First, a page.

Shigmo is essentially a festival of the farming community, celebrating the arrival of new crop. This festival, marked by song and dance is celebrated in Spring.
Ganesh Chaturthi and Shigmo (a religious and folk festival respectively) are two of the most important festivals of Goa’s Hindus.
Shigmo happens during the month of Phalgun – the month proclaiming the arrival of spring. Shigmo is also the Konkani name of the month of Phalgun, the last month of the Hindu calendar. Like Holi, the festival begins on Phalgun Poonav (full moon) day. But unlike Shigmo, which is celebrated till the last day of Phalgun (or even beyond), Holi is a one-day festival. The celebrations spill onto the streets, public places, temples and at the mand.
SONG & DANCE
Groups of dancers are called mel, on one side, and rombat on the other. In rombat, besides the dhol and tabla, huge drums (nagara and jaghant) are played. People of all ages, decked in colourful robes, join the mel/rombat, dancing to the drums beats, and accompanied by adabgiris (ornamental umbrellas) and other objects, which were formerly used by royalty.
Each mel/rombat carries its own colour ie the traditional flag colour. They carry the gudhi – a sacred flagstaff – and decorations with respect and pride. The dancers wear flowers in their necks, hands and turbans.
The mel begins with the invocation to the manda guru and the main deity, followed by the subordinate deities of the village, who protect it. This invocation is known as naman, and is an invitation to them to join the Shigmo celebrations.
After the naman, the mel proceeds in a procession to the temple of the main deity. It culminates at the temple premises and a short performance takes place. After partaking of the prasad, the mel goes from house to house in the village via a fixed traditional route.
The dancers present a variety of folk songs, depicting Hindu mythological stories, social aspects and Mother Nature. They also perform in the neighbouring villages.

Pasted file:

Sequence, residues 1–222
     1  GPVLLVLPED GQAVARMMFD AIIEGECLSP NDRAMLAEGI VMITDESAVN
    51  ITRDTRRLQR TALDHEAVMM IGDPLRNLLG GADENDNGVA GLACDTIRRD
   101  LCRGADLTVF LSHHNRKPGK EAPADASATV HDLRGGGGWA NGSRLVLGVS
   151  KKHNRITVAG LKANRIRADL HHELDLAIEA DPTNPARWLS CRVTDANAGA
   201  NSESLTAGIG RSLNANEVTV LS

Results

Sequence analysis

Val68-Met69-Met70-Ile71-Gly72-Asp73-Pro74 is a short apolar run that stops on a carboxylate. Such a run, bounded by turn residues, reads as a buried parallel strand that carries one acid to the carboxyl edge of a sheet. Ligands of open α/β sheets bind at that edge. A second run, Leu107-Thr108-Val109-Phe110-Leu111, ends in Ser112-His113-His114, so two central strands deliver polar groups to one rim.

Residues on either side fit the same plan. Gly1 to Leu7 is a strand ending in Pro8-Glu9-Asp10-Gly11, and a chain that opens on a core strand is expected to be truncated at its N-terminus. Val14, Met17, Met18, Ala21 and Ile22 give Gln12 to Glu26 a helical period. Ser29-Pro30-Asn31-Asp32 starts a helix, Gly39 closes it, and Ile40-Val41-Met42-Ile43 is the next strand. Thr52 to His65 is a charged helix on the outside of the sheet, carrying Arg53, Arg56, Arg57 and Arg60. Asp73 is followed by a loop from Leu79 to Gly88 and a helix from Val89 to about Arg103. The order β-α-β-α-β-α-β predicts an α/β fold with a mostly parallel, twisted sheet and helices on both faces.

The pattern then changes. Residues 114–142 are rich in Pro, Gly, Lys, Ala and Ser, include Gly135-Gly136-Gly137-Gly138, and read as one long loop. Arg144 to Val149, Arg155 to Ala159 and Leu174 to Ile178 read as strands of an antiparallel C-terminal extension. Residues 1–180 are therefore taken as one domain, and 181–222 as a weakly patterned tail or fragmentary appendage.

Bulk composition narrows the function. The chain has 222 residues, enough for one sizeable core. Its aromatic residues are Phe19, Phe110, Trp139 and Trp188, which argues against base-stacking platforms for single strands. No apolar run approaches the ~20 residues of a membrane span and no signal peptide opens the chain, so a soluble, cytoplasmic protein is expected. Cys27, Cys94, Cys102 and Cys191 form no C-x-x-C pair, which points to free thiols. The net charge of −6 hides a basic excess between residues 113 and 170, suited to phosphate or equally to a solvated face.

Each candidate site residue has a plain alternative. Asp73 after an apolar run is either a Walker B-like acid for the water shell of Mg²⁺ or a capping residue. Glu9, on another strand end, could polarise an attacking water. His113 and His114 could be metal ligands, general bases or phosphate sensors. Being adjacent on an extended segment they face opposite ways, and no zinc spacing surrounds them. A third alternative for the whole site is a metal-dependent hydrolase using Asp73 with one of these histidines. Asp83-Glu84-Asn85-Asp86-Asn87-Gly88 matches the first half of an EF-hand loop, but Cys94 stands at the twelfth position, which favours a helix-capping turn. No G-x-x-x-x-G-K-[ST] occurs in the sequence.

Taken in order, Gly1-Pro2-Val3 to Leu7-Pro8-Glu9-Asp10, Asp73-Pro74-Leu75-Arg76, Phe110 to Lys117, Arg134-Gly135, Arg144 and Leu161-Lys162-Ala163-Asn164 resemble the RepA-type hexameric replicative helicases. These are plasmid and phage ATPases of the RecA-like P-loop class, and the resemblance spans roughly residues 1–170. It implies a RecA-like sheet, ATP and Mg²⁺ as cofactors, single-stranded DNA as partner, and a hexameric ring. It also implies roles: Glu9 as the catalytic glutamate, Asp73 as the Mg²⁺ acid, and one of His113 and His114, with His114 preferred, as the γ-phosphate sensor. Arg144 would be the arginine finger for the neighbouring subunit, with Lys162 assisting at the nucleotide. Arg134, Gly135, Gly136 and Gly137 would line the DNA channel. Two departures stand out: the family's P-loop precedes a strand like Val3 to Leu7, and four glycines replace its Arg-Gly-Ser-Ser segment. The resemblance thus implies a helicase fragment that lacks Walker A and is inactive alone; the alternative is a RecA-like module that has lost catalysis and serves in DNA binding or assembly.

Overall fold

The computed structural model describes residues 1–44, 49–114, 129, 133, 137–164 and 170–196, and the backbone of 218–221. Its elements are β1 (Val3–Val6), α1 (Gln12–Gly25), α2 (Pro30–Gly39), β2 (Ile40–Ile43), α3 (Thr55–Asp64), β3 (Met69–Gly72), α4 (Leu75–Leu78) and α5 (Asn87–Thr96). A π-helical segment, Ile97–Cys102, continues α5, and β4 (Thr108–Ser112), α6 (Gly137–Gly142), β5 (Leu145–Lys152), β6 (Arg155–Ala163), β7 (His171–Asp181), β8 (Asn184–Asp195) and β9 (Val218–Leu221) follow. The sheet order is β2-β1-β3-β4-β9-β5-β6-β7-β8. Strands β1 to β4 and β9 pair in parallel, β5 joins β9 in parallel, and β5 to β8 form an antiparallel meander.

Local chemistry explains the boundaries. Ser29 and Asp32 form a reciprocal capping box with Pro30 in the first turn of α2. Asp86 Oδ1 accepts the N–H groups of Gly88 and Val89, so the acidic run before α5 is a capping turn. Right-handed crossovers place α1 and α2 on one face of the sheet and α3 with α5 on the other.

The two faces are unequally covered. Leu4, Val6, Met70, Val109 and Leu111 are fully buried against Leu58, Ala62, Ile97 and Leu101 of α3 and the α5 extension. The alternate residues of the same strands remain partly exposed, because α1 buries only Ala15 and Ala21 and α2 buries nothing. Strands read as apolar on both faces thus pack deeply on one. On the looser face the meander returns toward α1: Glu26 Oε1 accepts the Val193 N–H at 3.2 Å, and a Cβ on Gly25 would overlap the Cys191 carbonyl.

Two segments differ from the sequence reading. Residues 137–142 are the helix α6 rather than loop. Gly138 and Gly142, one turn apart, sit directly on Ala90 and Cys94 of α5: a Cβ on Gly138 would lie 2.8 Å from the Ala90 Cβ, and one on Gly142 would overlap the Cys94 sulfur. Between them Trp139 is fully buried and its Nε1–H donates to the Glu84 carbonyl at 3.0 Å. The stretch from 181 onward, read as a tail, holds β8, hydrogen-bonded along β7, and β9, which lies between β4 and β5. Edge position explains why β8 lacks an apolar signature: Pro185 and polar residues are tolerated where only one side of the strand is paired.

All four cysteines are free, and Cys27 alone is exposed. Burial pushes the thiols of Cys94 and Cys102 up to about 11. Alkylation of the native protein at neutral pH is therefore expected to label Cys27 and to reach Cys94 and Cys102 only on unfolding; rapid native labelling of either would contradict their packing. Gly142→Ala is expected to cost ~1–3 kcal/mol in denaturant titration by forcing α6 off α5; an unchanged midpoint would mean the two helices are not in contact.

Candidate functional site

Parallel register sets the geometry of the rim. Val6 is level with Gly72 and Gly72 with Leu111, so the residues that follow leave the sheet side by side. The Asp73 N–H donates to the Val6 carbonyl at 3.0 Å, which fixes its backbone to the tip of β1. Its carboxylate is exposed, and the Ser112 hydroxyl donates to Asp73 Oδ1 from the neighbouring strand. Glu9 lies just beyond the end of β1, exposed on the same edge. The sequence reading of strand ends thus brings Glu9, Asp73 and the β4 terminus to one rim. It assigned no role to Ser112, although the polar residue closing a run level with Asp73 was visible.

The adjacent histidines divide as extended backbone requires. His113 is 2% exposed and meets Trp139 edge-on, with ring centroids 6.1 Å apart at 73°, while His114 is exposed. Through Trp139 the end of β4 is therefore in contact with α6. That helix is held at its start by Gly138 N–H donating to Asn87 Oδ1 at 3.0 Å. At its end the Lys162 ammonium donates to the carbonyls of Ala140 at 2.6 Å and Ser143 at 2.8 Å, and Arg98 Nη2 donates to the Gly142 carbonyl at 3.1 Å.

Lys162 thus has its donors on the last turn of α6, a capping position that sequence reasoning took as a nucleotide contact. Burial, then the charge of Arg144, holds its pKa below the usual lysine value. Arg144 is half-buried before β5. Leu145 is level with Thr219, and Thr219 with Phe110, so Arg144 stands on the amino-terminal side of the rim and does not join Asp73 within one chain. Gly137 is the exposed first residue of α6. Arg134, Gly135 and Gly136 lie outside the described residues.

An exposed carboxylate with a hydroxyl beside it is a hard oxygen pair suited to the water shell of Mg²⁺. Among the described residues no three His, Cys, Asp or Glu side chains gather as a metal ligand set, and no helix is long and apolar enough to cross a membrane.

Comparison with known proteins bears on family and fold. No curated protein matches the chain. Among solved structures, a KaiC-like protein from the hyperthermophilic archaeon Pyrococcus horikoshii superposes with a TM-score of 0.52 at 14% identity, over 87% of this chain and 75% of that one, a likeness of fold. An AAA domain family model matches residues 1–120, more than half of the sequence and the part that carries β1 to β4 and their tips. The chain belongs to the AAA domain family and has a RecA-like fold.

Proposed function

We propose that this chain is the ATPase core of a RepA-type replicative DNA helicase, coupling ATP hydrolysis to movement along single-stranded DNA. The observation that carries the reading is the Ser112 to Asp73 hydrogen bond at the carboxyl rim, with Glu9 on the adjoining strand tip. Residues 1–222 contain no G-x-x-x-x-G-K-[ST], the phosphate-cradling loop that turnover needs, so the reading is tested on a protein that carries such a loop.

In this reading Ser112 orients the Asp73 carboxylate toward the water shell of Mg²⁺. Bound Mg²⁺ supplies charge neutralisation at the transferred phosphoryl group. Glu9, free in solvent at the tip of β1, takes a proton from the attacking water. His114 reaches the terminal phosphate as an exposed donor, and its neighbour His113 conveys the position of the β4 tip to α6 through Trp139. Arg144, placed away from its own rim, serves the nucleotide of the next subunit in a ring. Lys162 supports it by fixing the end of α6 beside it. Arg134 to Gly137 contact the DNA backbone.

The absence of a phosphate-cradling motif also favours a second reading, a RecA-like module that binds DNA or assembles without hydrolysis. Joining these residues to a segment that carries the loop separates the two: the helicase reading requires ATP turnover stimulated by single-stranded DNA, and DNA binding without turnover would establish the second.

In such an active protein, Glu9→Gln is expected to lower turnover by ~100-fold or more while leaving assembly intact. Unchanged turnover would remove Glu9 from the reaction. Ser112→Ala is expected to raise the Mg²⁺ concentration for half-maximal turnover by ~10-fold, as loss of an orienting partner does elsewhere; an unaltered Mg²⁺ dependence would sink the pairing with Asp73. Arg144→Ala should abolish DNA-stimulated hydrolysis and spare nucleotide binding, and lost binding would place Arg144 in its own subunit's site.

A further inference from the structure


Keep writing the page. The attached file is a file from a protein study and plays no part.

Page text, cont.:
On a particular day, many mel from nearby villages assemble at one temple. The dances performed are the same all over Goa, like Taalgadi, Tonya Mel, Goff, Chowrang, Jot, Sakarat, Ghode Modni, Romat, Samayi, Morulo, Talo, etc.
Both, Hindus as well as Christians, dance the Taalgadi. Taal means rhythm and gadi means ‘man’. Shigmo is an opportunity to showcase diverse facets of Goan folk art. Traditionally, certain villages in Goa developed distinct folk dances.
The Ghode Modni, of Bicholim, depicts the expedition of the Ranes against the Portuguese.
The Rombat reminds one of the good old days when every village was virtually a republic. Rombats are processions which are held from one village to the boundary of the neighbouring village, where the two processions meet and exchange greetings and collectively pray for the welfare of both villages.
Tonya Mel is seen all over Goa.
Goff is another dance form in which the dancers weave and unweave silken ropes, forming lovely, colourful patterns. The coloured ropes are tied at the top of a pole and well-rehearsed steps are executed by the dancers, to get the desired effect of the rope.
In the Samayi dance, lighted brass lamps are balanced on the head and are carried gracefully throughout the dance.
The Morulo dance depicts the movements of a peacock.
Ranamale, a dance drama, based on the Ramayana, is performed in Sattari.
On the last day of Shigmo, there is an assembly at the mand to bid adieu to the deities. People sing and dance to the beat of traditional percussion instruments such as the dhol, tasha and jaghant, and the performance goes on well into the night.